Jalisa Williams, who lived at St. Joseph’s House in the York Street Project as a child, is now helping families in the same situation.
Jersey City — Jalisa Williams went from living with her mother and siblings at St. Joseph’s House in the York Street Project in Jersey City to now helping families in the same situation at the shelter that helped her.
Williams was 3 years old when he moved there 25 years ago.
“I remember me and my brother interacting with the staff and the things they did for us for Christmas and Easter,” Williams said.
With the stability that St. Joseph’s House provided her family, Williams graduated from Rutgers University and landed her dream job as a family affairs manager at the York Street Project.
“I see a lot of people who are on the client list here right now, and I look at them, and I don’t want to say I see myself in them, but I understand what they’re going through,” Williams said.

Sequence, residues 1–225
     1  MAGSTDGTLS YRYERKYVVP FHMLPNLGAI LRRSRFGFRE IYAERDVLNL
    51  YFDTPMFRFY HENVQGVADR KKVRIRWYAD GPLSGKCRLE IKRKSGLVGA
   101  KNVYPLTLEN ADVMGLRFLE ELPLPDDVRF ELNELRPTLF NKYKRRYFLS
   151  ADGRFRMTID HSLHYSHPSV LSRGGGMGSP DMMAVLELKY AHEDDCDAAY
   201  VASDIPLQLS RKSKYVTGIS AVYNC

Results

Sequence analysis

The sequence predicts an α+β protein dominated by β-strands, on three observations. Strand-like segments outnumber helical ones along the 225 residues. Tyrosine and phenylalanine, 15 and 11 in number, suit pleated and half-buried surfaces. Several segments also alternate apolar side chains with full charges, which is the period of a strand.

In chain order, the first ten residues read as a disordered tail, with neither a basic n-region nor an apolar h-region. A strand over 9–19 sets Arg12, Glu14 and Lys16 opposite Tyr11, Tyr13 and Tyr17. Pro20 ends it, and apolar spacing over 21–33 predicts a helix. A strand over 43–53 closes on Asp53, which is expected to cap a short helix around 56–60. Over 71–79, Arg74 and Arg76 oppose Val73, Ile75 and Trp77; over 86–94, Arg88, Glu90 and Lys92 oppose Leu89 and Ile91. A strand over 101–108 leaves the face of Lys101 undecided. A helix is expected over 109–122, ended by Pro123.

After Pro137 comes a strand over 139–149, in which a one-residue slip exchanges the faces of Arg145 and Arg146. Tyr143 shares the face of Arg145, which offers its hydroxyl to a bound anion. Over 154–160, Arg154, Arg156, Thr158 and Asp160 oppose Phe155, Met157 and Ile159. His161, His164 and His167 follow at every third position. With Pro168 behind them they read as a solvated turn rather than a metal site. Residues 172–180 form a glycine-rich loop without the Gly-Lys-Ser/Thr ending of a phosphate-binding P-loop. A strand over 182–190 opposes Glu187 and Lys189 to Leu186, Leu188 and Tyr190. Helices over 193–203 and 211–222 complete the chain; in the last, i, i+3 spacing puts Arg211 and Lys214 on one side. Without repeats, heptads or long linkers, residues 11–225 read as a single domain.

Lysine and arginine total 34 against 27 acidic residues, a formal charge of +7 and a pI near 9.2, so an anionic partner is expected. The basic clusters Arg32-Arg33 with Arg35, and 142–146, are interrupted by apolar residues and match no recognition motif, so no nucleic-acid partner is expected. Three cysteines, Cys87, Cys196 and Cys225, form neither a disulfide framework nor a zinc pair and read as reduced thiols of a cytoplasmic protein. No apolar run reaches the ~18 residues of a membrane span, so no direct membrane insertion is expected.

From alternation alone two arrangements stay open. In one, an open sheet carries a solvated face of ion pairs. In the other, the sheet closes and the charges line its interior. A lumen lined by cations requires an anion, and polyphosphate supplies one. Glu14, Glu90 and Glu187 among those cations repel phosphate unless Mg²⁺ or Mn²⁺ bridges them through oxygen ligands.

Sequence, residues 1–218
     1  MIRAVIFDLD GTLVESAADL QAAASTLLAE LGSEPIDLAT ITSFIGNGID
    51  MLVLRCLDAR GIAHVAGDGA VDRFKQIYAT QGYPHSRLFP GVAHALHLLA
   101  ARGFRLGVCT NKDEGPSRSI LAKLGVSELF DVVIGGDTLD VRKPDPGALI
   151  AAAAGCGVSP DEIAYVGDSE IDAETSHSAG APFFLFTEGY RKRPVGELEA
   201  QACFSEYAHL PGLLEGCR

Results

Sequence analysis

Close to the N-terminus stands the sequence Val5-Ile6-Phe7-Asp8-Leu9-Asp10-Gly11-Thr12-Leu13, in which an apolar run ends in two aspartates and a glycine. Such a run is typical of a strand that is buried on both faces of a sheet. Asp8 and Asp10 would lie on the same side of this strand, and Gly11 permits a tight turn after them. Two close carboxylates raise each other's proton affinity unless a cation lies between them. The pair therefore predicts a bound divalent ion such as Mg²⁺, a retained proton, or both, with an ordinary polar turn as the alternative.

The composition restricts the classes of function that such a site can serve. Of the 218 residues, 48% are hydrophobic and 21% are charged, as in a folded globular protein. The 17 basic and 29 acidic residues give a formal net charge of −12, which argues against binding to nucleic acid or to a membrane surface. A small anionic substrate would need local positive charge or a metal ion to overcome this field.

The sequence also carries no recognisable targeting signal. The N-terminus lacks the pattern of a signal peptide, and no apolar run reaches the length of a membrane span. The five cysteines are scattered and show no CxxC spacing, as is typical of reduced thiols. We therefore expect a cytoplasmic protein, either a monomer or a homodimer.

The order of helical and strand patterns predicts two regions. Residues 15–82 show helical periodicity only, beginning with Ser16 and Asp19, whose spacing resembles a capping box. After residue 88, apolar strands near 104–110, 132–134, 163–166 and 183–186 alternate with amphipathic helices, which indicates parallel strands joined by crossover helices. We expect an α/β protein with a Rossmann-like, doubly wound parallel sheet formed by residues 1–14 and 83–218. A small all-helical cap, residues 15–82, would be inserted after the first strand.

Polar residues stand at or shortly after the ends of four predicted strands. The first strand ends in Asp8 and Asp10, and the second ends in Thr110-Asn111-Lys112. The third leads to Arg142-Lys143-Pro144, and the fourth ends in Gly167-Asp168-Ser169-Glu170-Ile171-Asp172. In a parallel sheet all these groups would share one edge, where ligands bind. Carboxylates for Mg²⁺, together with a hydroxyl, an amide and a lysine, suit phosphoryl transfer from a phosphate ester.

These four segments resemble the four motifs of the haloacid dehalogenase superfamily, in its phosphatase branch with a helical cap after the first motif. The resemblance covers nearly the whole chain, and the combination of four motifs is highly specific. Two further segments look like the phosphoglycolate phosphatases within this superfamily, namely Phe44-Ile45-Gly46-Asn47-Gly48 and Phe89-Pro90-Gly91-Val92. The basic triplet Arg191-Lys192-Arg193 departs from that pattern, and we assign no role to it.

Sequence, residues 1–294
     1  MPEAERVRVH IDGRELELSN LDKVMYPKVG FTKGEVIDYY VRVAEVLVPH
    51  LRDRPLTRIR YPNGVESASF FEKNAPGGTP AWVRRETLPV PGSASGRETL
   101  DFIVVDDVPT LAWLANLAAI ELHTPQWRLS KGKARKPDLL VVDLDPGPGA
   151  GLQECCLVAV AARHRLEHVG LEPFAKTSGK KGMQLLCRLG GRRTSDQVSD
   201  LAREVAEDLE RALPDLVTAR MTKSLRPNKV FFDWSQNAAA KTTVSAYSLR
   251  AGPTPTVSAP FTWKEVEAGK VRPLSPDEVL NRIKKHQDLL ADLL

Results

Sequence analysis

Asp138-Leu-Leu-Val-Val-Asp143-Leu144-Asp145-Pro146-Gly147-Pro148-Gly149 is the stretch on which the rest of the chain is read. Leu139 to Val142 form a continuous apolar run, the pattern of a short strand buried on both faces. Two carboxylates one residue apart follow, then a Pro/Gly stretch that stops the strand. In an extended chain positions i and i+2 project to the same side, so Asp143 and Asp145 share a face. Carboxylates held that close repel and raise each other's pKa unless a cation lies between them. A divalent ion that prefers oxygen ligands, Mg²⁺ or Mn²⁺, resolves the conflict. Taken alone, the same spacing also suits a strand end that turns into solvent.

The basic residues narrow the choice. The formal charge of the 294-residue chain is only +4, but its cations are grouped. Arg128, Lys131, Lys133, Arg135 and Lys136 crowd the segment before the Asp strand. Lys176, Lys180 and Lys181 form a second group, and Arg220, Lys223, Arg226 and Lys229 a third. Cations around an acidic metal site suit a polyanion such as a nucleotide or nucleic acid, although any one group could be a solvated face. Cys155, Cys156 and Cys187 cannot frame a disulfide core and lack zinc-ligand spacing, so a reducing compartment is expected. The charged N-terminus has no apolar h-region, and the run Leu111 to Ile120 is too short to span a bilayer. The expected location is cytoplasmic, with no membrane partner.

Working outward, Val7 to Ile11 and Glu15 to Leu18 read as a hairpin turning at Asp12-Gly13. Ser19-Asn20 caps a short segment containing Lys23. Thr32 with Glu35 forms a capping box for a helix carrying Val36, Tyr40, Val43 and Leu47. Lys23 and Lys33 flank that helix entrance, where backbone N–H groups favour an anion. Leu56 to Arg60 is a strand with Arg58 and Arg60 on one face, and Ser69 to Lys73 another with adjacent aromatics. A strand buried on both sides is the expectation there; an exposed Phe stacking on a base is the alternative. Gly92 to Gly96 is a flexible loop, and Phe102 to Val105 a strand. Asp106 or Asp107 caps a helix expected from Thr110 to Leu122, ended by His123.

St. Joseph’s House is among several family crisis services offered by the nonprofit organization.
The York Street project offers long-term and short-term housing for families and mothers-to-be.
“It’s about food, case management, trauma-informed therapy, employment and career preparation,” said Christine Kane-Perez, director of development for the York Street Project.
Preschool education has been evolving long after Williams was a student.
Hundreds of families have returned to stability, and Williams wasn’t the only witness.
New Jersey native and philanthropist Cool Key has built a multi-million dollar sneaker and apparel empire. Key donated thousands of dollars worth of items to children at St. Joseph.
“We had people in our family who needed these services, and we decided to give back, and they helped us,” said David Timmons, spokesman for the York Street Project.
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